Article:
How much time do you spend regretting these past experiences? If the answer is more time than I would like, then this episode is for you. I am covering why we hold onto regrets, the high cost of regret, and why we should let regrets go. Most importantly, you will learn how to let go of your regrets with a five-step reflection exercise.

Prefer the audio? Listen here.

Why Regret Is Friggin’ Pointless

While it is normal to feel guilty, wish we had done something different, or want to make amends for something in the past, I have had clients who spend their entire life in regret.

This is as productive as bashing your skull against a stone wall. Regret does nothing except keep you anchored in the past. 

What happens when we anchor ourselves in the past? 

We miss our one-and-only amazing life in this present moment, which will never come again. 

You also miss opportunities to make choices and decisions you won’t regret right now. 

Regrets weigh us down. They are exhausting. They stunt our growth and keep us small. They take bandwidth. I don’t know about you, but I need all the bandwidth I can get! 

None of us wants to waste our precious life force energy making ourselves feel like crap about things we’ve done in the past…So let’s not.

Why Do We Hold Onto Regrets?

One reason we might hold onto regret is fear. As humans, we are fear-based. We often have good reasons for wanting to avoid mistakes – for example, to avoid rejection or embarrassment.

But ruminating on regrets is not a productive way to avoid future regrets. Keeping our “badness” close to our hearts only keeps our self-assessment low.

Sometimes, we hold onto regrets because we become defined by them. Maybe you are defined by the relationship you blew up because you weren’t ready for it, and now that person’s status as “the one who got away,” is written in stone (Potentially, defining you as a person who self-sabotages).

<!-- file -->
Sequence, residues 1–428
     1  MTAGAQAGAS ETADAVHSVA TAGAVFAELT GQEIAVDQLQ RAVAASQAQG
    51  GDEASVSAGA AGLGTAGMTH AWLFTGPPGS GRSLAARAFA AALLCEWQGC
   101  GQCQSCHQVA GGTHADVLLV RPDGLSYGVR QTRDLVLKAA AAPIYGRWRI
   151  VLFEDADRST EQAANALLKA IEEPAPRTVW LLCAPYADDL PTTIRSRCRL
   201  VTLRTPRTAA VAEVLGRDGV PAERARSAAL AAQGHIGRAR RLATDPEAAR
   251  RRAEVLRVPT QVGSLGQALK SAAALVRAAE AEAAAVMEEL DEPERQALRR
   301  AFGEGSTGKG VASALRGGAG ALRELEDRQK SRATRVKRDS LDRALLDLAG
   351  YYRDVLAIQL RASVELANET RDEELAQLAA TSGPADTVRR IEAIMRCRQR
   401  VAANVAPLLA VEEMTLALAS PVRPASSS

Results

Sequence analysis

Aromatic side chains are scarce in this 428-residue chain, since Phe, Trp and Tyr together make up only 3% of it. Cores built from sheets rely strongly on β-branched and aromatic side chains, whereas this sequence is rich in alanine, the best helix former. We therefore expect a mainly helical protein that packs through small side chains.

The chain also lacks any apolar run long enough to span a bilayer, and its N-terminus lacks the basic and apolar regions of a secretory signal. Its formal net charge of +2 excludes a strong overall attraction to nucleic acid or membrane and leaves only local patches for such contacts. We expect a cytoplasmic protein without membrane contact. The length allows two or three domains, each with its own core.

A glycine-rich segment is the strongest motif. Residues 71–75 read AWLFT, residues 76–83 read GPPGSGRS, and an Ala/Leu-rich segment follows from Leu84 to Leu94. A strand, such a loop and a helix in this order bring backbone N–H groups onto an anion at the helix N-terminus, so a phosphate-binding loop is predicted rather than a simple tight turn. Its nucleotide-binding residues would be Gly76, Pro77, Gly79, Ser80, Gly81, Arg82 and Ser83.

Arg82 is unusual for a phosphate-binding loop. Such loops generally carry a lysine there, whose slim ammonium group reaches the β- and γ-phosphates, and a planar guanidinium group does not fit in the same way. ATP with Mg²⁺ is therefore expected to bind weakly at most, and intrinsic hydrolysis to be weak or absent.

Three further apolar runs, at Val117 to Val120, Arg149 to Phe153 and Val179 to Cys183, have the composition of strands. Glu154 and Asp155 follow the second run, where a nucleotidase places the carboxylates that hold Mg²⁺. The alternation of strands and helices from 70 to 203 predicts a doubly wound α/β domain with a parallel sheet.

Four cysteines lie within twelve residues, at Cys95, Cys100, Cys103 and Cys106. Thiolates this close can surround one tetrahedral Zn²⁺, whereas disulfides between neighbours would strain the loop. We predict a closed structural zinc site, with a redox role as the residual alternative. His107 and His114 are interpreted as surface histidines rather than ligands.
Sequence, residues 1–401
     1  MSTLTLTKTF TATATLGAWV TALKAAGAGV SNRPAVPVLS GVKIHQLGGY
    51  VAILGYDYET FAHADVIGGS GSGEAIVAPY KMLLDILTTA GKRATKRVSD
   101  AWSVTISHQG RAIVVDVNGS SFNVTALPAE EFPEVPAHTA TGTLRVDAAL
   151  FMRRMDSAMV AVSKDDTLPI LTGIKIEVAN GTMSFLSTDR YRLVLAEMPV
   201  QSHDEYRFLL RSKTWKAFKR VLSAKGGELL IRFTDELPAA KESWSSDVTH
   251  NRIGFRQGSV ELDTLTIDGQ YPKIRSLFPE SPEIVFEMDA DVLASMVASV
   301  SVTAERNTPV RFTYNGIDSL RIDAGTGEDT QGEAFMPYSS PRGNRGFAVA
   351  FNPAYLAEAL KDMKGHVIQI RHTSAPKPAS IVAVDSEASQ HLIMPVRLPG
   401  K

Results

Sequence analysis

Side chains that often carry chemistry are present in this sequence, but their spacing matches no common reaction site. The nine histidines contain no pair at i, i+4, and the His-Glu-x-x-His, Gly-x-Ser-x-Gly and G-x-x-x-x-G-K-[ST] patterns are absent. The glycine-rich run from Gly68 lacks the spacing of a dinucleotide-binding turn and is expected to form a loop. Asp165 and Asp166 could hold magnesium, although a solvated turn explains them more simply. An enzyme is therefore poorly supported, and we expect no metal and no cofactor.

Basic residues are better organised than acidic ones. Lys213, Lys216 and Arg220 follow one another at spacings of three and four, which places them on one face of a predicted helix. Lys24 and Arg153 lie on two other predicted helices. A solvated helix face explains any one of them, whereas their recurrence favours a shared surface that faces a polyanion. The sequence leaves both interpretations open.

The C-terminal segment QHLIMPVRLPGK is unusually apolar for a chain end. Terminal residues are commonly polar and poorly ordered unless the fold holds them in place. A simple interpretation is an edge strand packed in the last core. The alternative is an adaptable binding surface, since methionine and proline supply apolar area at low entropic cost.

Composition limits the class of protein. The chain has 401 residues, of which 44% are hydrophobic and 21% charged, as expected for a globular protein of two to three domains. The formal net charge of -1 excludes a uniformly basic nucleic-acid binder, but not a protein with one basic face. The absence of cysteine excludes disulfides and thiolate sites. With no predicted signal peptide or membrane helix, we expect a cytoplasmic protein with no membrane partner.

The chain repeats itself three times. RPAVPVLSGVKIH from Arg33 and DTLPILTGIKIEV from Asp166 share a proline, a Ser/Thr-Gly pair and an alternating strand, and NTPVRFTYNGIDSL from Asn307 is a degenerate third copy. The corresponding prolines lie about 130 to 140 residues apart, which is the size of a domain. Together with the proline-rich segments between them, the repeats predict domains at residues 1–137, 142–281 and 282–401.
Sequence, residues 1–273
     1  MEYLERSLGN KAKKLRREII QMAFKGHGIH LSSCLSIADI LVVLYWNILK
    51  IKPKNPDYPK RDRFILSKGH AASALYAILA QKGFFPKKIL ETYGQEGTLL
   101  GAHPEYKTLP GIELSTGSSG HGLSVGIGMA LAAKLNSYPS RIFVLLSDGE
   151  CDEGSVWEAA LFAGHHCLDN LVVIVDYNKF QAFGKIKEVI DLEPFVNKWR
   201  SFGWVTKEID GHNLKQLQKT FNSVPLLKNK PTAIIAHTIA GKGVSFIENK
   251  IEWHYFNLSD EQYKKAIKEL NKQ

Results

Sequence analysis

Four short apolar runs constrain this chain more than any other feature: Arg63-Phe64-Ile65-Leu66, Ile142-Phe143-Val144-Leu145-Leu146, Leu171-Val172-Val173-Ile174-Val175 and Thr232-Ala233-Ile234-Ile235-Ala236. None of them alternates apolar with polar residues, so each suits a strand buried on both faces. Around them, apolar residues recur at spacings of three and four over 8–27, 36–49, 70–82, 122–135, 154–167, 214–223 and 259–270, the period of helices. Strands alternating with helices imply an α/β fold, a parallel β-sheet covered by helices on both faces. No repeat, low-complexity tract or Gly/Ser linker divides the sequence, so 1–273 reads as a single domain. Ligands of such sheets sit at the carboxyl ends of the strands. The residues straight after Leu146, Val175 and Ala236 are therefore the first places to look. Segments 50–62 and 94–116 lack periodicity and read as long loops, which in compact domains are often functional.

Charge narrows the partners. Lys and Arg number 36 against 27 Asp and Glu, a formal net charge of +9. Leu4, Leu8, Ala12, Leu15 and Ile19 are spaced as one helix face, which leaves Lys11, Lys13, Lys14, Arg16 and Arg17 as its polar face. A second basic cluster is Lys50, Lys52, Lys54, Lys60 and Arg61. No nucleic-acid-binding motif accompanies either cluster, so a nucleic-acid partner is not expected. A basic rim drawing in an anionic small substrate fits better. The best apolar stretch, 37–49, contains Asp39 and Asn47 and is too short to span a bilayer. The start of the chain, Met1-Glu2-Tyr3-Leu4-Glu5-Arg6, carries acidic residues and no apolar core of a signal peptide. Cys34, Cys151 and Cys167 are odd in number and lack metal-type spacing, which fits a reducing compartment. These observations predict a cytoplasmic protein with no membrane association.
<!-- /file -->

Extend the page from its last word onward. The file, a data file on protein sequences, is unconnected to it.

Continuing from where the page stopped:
Additionally, nurturing specific regrets for an extended time is likely to draw similar experiences into your life. Where our attention goes, our energy flows. 

Think about how long we live. It is one thing if you are in your twenties and have some regrets. But collecting regrets from your twenties, thirties, forties, and fifties can lead to a whole life of regret. 

Occasionally having regrets is part of the human experience. Ruminating on regrets is different because it takes a ton of valuable bandwidth and is counterproductive. It will not change how you feel or what you experienced.

We might also hold onto regrets if we have an overly developed superego. Maybe you are a perfectionist or were not allowed to make mistakes as a child. Or maybe you are an empath and feel the way you’ve made others feel more deeply than those who aren’t empaths.

Instead of Regret, Focus on Self-Compassion

We all make mistakes. We are human, and we are all flawed. 

When you make a mistake, instead of letting your inner mean committee take charge, I encourage you to treat yourself the same way you would treat a close friend if they made a mistake. Self-compassion is a critical part of this process. 

Give yourself some grace. Have faith that you did the best you could with the level of consciousness, the skills, and the self-awareness you had at the time.